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I love my oldest daughter’s imagination. From it she creates beautiful pictures and writes lovely poems full of description and colour and feeling. Her imagination turns a boring class presentation into a one-person performance piece. My daughter even created a game, Heaven Cats, to help herself and her siblings cope with the lloss (and ghosts) of our oldest cat. The kids still interact with their Heaven Cats at random moments throughout the day.

Imagination is a wonderful gift and a great creative tool.

But it can have its down side.

Imagination doesn’t just come when you call it, like when you’re trying to write a story or design an outfit. An imagination has a will of its own, showing up when it feels like it. Some of my best inspirations have come when I’m doing nothing, walking home from taking the kids to school, watching the neighbourhood traffic. It also comes at night, when you may not want it to.

A few weeks ago my oldest woke me up, saying there was a noise in her room, keeping her awake. She wanted me to investigate for her. Even though neither of us heard anything in her room, she asked if I could sleep with her for a little bit, to reassure her, to help her calm down and drift into sleep.

I had read somewhere, some site or parenting book when trying to learn ‘how to be a good mother’, that you should never underestimate your child’s fear. Just because you don’t believe in ghosts doesn’t make your child’s fear any less real. With that in mind I tried to reassure my daughter and lay on the bed to try and comfort her.

Then I heard it. The noise. I didn’t react until my daughter confirmed that she had heard it too. It was a strange bumping and dragging noise, coming from her closet. I got up and slowly walked to the closet, treading lightly (you know, to avoid startling my daughter of course). I leaned closer to the closet door. It didn’t sound as though it was coming from the closet but maybe above the closet. I thought about opening the closet door, to see that nothing was there, to better understand what the sound was and where it was coming from.

I kept telling my daughter it was raccoons or maybe the cats. We had a raccoon family in our attic before and at night you could hear them scurrying around. However, this was a very different sound, a bump-bump-bump versus scurrying, but I hoped my daughter didn’t notice the difference.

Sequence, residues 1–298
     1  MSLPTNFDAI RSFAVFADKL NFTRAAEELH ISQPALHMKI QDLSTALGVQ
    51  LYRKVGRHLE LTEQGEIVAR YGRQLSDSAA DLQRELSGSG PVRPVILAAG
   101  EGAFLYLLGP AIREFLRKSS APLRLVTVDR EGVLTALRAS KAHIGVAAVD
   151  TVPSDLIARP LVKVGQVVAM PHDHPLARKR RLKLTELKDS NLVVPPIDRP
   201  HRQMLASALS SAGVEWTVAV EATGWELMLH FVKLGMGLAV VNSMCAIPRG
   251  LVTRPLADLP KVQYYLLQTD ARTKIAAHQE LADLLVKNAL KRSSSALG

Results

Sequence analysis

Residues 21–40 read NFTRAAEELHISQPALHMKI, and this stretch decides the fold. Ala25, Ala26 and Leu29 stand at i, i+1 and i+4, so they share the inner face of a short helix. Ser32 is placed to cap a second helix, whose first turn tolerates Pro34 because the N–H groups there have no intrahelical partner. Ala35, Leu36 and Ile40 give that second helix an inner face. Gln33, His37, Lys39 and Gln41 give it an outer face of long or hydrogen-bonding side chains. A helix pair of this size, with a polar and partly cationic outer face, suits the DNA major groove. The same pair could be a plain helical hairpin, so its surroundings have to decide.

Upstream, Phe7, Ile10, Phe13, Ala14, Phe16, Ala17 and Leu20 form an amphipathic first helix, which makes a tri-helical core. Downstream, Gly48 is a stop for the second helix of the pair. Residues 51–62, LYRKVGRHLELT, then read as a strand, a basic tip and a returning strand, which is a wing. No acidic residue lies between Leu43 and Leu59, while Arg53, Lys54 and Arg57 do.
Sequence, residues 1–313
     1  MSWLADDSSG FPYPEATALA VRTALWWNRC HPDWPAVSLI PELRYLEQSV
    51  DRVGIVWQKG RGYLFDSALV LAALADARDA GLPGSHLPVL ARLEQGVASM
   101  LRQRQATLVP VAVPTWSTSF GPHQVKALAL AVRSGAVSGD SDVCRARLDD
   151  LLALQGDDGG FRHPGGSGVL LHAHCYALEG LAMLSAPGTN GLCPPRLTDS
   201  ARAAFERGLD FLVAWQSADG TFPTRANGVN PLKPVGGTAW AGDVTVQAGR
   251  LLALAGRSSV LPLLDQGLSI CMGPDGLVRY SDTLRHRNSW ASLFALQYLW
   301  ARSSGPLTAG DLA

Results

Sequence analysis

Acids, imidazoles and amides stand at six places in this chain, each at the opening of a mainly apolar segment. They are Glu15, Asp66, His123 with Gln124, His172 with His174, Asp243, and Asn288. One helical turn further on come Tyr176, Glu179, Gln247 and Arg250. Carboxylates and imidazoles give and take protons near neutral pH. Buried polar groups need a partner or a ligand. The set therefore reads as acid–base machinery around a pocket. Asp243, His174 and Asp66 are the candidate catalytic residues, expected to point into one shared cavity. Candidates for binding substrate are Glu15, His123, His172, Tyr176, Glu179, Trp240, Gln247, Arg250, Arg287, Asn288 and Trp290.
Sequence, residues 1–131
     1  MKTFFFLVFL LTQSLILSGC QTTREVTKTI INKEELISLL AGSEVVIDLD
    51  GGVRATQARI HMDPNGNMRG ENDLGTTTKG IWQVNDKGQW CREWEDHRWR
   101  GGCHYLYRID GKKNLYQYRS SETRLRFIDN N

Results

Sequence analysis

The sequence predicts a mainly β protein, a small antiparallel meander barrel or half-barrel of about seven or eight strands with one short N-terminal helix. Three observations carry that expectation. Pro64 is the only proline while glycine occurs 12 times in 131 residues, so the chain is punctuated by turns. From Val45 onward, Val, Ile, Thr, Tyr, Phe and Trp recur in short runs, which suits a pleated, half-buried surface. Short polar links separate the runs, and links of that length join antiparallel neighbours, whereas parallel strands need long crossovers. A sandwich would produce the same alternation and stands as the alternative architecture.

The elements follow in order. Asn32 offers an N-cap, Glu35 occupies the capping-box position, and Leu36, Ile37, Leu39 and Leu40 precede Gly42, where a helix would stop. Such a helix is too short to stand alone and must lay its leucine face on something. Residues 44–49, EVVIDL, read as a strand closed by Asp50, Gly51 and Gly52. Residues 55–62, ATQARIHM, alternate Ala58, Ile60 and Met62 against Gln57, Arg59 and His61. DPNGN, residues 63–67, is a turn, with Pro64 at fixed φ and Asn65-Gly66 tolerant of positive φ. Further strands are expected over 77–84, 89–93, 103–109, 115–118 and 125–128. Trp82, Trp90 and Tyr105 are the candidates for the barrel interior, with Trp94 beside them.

As quickly as the sound started, it stopped.

I tried to reassure my daughter there was a logical reason for the noise, something on the upper stairs (the stairs to the third floor run over my daughter’s closet), though I was having my doubts. I lay down on the bed with my daughter again, hoping she would be able to sleep. I closed my eyes, but kept popping them open, staring at the closet door.

I was almost asleep or maybe I was asleep, that light sleep state, when I was started awake. As I lay in my light sleep state a child’s voice whispered urgently to me, ‘Mom!’ I thought it was my youngest daughter. She sometimes walks down to my room to ask for someone to take her to the bathroom or to say she can’t sleep. I opened my eyes ready to take my youngest back to bed, thinking the episode with my oldest daughter had disturbed her and she just needed someone to settle her down again.

But no one was there. Nothing!

Now my heart raced. I told myself I was being silly, I don’t believe in ghosts, but that didn’t help. My focus was now on the closet again. The house was silent. I was the only one struggling with sleep. Eventually my body gave in and I must have fallen to sleep since the next time I looked around the room it was morning.

My daughter didn’t say anything about the noise last night. I didn’t ask anyone about visiting me last night. We just carried on with our day, though I was exhausted. I don’t believe in ghosts though I often tell my kids that the spirits of our cats and past loved ones are around, watching over us. This is more of a reassurance that loved ones are not gone. I don’t envision them walking around the house or sitting on the chair. It’s just a feeling that they’re looking down on us, from Heaven, just keeping track of what we’re up to. They can’t interact or interfere or do anything, just ‘be’.

This whole episode I had put behind me, until a few days ago. As I slept I heard my youngest crying or talking in her sleep. It’s amazing the sounds I can pick-up while everyone else sleeps soundly. I waited in bed, straining my ears to see if my daughter was awake and upset or just noises from a dream. It passed and I assumed she was back to sleep. I closed my eyes.

Mom!

That urgent whisper again. Opening my eyes, it wasn’t my youngest, awake from a bad dream. It was no one. The same voice, the same whisper, but this time is was in my room, not my oldest daughter’s room.

I love our home; it’s old, built in 1909. It has only had a few owners and sits in its near original state. I remember the work we had to do to bring the home up to code in order to live in it legally. Unlike now, families lived for generations in their homes. They were born, lived their life, and died, all in the same home. My grandmother’s home still stands, built by my great great grandfather and generations were born and died in that very home. Why wouldn’t this home, the place we live know, why would it not be any different? I tried to put these thoughts out of my mind. I tried to remind myself that the imagination is a powerful thing, full of inspiration but also able to trick you. This was just something in my head, maybe guilt from not checking on my daughter. Maybe my mind expecting my daughter to show-up like she does. Nothing else. There’s an explanation for everything.

I shouldn’t believe in ghosts, right?

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